We visited Ngol village in Dak Doa town, Dak Doa district, and met Ho Thi Chau and her son who were busy grinding coffee. Pouring sacks of dry coffee into the grinding machine, the boy told us the coffee must be immediately ground after being dried to have the best taste.




 
Quality seedling gardens effectively help coffee growing in Gia Lai. Photo: Cong Dat 


Coffee varieties are produced with tissue-transplantation technology. Photo: Files


A rubber plantation in Gia Lai. Photo: Thanh Hoa


Coffee grown in Gia Lai and harvested on time has a premium taste. Photo: Cong Dat 


Happy smile of a coffee farmer for a bumper crop. Photo: Cong Dat 


The fertile bazan soil in Gia Lai is ideal for growing rubber, coffee and pepper. Photo: Cong Dat


Gia Lai is regarded as the rubber capital of the central highlands
with 120,000 hectares growing rubber trees. Photo: Thanh Hoa 



Immense tea fields in Bien Ho Che (Tea Sea Lake), Chu Pah district. Photo: Thanh Hoa 

This year, Ho Thi Chau does not have to worry about the outlet for her 20-ton harvest because Vinh Hiep company, a large coffee company in Gia Lai, has contracted to buy them all.

Apart from coffee, Gia Lai is a major grower of tea, rubber and pepper. In the Bien Ho Che area in Chu Pah, around 13 kilometers from Pleiku, there are vast tea hills with a total area of more than 1,100 hectares. The area was originally the French’s first tea plantation in Gia Lai in the 1920s. Gia Lai’s Bien Ho tea is a well-known brand which has received a certificate of high-quality Vietnamese farm produce by the Ministry of Agriculture and Rural Development. The tea is currently exported to Australia, Afghanistan, Pakistan and Singapore.

Gia Lai is also considered the rubber capital of the central highlands. The province has nearly 120,000 hectares of rubber with an annual output of nearly 290,000 tons of latex, which accounts for more than 30% of the country’s total output and quadruples the total output of the four remaining central highlands provinces.

Walking in huge rubber forests where the trees are changing their leaves in Dak Doa district, we could see Gia Lai’s big potential for the so-called “white gold”.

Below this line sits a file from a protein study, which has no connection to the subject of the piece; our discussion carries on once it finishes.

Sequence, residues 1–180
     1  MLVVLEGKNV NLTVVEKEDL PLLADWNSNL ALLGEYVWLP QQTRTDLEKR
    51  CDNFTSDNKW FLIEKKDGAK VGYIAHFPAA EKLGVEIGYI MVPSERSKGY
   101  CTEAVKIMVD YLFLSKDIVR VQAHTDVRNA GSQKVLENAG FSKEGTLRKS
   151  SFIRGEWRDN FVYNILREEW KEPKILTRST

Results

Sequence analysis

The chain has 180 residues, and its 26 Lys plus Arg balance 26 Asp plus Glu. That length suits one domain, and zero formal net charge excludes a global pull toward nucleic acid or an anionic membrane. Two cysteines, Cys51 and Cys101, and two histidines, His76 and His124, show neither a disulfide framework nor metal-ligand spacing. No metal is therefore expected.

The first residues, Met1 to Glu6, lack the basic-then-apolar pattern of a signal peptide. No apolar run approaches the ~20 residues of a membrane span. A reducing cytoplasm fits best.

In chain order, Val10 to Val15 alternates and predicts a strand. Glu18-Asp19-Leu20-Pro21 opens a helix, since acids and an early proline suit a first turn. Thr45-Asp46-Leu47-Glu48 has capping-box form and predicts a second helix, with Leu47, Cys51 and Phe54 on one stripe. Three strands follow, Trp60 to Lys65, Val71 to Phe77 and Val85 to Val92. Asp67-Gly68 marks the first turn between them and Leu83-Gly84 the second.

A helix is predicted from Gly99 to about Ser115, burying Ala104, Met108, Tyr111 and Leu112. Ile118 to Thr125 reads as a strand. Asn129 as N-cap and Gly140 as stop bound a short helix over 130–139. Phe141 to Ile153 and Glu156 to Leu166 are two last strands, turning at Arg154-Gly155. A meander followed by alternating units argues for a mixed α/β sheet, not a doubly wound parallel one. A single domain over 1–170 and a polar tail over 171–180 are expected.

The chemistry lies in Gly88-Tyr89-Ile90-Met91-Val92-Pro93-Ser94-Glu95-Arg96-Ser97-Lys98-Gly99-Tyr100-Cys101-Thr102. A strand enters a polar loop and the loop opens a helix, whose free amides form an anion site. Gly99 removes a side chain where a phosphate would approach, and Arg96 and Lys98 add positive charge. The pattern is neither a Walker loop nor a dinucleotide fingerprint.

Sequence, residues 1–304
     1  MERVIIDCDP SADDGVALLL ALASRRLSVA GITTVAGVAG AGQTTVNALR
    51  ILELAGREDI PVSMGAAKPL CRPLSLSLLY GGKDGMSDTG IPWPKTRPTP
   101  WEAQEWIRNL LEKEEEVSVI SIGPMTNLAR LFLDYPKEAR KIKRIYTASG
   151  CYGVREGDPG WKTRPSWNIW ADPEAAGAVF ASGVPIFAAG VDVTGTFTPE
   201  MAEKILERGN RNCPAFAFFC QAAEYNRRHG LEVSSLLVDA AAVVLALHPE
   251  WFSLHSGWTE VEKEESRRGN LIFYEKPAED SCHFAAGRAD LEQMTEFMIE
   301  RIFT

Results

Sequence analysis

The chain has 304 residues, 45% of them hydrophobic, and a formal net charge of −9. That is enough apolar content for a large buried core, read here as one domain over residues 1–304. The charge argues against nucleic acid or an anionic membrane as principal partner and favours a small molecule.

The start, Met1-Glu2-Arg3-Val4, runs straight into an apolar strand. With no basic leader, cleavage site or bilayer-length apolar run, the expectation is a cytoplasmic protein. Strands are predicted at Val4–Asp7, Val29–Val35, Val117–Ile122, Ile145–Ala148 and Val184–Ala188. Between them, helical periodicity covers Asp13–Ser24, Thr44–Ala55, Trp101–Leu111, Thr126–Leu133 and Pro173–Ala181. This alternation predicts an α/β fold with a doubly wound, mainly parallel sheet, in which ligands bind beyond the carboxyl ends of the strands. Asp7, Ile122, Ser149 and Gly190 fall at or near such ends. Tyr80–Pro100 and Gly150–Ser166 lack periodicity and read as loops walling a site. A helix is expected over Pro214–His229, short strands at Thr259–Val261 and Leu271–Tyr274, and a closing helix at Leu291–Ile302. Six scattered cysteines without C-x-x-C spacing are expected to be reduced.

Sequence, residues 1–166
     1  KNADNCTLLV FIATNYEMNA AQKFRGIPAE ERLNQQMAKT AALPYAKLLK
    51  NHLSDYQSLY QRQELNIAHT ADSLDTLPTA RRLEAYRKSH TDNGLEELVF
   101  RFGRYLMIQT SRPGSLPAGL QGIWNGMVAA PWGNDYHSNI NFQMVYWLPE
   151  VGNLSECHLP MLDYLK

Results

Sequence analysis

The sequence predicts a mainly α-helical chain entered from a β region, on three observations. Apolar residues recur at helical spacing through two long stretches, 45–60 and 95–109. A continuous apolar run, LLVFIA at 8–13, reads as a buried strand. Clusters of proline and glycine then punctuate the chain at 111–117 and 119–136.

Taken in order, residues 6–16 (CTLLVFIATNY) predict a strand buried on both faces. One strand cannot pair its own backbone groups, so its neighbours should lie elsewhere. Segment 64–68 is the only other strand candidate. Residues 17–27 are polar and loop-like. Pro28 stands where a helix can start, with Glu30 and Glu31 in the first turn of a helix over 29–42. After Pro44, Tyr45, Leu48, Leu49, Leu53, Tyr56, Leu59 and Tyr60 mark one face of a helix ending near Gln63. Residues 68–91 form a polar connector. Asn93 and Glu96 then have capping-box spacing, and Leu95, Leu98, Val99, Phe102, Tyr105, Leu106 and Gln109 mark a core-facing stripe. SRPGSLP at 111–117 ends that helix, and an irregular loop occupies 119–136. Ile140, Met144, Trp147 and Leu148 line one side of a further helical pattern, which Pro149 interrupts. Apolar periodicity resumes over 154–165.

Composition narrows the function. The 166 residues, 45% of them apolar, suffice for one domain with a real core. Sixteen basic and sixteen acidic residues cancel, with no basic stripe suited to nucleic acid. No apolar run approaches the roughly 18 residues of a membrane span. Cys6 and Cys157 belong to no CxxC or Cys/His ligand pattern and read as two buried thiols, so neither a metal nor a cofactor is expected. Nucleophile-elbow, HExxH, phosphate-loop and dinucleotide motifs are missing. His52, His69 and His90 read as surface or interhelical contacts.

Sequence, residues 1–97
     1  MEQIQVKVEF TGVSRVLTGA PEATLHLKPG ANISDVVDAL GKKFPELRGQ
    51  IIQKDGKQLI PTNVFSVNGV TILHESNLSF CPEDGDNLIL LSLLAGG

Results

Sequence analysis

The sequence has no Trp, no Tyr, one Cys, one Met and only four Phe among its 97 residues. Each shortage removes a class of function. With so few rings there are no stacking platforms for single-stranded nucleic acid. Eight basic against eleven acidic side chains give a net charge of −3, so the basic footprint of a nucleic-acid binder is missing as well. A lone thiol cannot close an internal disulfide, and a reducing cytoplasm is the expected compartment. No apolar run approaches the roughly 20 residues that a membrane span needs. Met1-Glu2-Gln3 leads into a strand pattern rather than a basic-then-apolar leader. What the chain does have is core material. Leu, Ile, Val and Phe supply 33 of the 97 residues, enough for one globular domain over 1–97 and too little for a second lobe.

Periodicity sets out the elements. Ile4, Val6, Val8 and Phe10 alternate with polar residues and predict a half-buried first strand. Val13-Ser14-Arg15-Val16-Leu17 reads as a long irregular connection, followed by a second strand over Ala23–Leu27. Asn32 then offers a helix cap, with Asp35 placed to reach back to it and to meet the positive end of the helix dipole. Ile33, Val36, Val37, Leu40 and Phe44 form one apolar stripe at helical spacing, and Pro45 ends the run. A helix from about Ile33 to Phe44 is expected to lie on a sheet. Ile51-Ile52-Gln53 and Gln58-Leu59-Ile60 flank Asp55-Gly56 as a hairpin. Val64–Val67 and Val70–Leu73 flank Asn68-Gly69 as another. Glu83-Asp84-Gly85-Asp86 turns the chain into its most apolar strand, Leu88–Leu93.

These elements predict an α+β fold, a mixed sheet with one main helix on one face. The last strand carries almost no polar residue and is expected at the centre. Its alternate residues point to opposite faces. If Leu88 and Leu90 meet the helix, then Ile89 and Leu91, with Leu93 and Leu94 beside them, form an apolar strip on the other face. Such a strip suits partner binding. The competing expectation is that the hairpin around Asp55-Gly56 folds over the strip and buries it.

Gia Lai is now a major producer of farm goods in the central highlands, ranking second in the region in farming area with over 500,000 hectares of different crops. These include 120,000 hectares of rubber, 94,000 hectares of coffee, 17,000 hectares of cashews and nearly 17,000 hectares of black pepper.

Party General Secretary Nguyen Phu Trong on his working visit to Gia Lai in 2017 asked the province to take advantage of its agro-forestry production to develop a high-level commodity agriculture associated with the processing industry, which should connect the state, scientists, entrepreneurs and farmers, while protecting the forests and eco-environment.

Given these orientations, Gia Lai aims to develop a green economy where investment is attracted selectively not at the cost of the environment. The province is set to develop organic agriculture, and apply hi-technology to ensure sustainable economic growth. It also encourages big groups and enterprises to invest in hi-tech agricultural products and increase connections with farmers to support them in production.

With proper sustainable development strategies and solutions and the determined spirit of ethnic groups in Gia Lai, the legendary land of bazan red soil is believed to soon become a region worth living in, in the central highlands.


Gia Lai has a total area of 15,500 km2 and is the second largest province in the country, and the largest in the central highlands. The province has the climate and soil conditions favorable for growing industrial crops such as coffee, rubber and pepper. With a population of over 1.4 million, including 34 ethnic groups with diverse and rich cultures and beautiful pristine scenery, Gia Lai has the advantages for developing tourism.

Story: Thanh Hoa -  Photos: Cong Dat,Thanh Hoa & Files